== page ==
The role of Boris came his way about a month ago when bass Simon Estes withdrew from the part. Haugland still is not certain exactly who tapped him for Boris. "They knew that I knew it," he says. "I have sung all three versions there are wide textual discrepancies among them in four languages."

A complication was that the Met does "Boris" in Russian and that Haugland's most recent performance had been in English. Further, though Haugland is a bit of a linguist, Russian is not one of his languages, so he learned the role phonetically.

"That was the worst struggle in preparing the part," he said, "because it is very hard, on such short notice, to make the conversion of languages. For that reason, I wish I had had more time. My Russian was not perfect and even if there were only two persons in the audience who could tell the difference, that is enough for me to be concerned about it."

One reason Haugland's Boris is so moving is his rejection of the stereotyped czar, based on historical fact, as merely "a brutal, guilt-ridden maniac." Of course, Boris committed murder to reach the throne. But, observes Haugland, "It is essential to show a man whose guilt has cost him as much as the crime he has done. He realizes, for instance, that just as he caused the death of Dmitri, his own son will probably be killed immediately after Boris' own death. So he feels that he must give as much love as he can to his little son. There are two major scenes with the son. Both times Boris is burdened with guilt, which he tries to hide from his son. It is just as I would do with my own son if, let us say, I were having a heart attack, I would try to hide it, because it would frighten him. But then the attack goes away, I would turn back to him."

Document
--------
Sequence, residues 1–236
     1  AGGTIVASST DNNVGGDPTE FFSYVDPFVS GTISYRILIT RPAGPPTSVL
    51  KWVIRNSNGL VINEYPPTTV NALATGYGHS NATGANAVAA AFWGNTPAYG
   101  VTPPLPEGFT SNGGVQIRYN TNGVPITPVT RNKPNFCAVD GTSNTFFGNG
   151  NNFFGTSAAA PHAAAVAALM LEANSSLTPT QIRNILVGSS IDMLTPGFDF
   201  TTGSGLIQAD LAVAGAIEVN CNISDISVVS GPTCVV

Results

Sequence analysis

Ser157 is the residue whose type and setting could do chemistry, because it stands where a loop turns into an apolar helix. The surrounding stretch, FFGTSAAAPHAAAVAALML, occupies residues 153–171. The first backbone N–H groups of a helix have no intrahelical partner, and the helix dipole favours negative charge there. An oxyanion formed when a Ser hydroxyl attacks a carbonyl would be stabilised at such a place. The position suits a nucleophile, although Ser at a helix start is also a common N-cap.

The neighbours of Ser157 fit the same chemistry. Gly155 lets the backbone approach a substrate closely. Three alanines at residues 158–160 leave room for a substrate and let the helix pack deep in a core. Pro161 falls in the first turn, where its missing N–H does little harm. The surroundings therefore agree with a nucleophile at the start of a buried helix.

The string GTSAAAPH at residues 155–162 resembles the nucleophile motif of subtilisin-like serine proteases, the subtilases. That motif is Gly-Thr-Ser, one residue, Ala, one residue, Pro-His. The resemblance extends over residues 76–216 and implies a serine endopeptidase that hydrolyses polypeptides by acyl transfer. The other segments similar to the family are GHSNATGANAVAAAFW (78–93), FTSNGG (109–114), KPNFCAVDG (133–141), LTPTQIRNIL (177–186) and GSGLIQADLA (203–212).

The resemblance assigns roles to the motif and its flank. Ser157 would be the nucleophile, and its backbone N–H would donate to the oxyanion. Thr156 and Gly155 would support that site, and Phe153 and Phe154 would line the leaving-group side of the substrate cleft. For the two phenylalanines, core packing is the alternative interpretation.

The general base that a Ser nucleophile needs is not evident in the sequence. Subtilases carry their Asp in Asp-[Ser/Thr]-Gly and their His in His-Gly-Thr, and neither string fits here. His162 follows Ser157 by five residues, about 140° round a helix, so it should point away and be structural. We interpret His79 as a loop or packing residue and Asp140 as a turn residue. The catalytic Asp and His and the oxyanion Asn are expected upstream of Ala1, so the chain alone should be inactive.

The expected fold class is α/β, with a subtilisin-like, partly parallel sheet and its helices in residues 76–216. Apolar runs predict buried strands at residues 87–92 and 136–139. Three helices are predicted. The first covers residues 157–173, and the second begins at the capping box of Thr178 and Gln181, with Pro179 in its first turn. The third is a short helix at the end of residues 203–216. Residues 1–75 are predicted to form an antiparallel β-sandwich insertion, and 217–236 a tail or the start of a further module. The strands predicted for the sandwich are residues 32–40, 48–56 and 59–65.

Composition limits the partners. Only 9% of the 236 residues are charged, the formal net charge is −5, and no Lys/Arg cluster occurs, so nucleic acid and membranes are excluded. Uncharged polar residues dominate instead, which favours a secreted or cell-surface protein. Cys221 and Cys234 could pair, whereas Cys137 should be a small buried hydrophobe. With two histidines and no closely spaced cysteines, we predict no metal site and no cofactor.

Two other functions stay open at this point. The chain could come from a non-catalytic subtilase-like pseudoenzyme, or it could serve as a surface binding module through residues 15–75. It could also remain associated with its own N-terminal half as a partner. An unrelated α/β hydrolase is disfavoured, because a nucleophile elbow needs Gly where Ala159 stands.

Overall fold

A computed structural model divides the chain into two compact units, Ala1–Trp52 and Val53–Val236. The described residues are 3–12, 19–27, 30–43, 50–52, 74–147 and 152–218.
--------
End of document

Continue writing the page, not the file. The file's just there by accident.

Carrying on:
Asked if he believes if there are roots for this interpretation in the text, Haugland replies, "I hear it more in the music than in the words. I hear a very tragic soul in the music of Mussorgsky."

Haugland, whose father is a doctor of psychology at the University of Copenhagen, tried medical school for two years, but ran out of patience.

He started singing lessons, and to finance them, held two jobs. "I worked in the Tuborg brewery and simultaneously sang in a church. This combination is very good and I can only recommend it for future singers."

In 1968 he won a Danish competition. For the next two years he sang in the Norwegian Opera, then went to Bremen for three years and finally landed at Copenhagen's Royal Opera, where his repertory encompassed virtually the entire range of major roles for a low bass. His career began to expand with a Varlaam in "Boris" at La Fenice in Venice in 1975. And he made his American debut in 1978 with a concert "Boris" in St. Louis. At Bayreuth this summer he will sing Hagen in Solti's new production of the "Ring" and next fall he will sing Ochs with Solti at Covent Garden.

Haugland calls his family in Denmark twice a day. "By now the Bell System practically owns me. The calls may cost half of my fee," he observes. "But you have to keep in touch with some reality besides the opera. You know, the day before the first 'Boris' I called and my daughter asked, 'Daddy, are you nervous?' And I said 'yes.' And then instead of consoling me, she changed the subject and said, 'Daddy, I am going to ride a new horse today.' That was what I needed."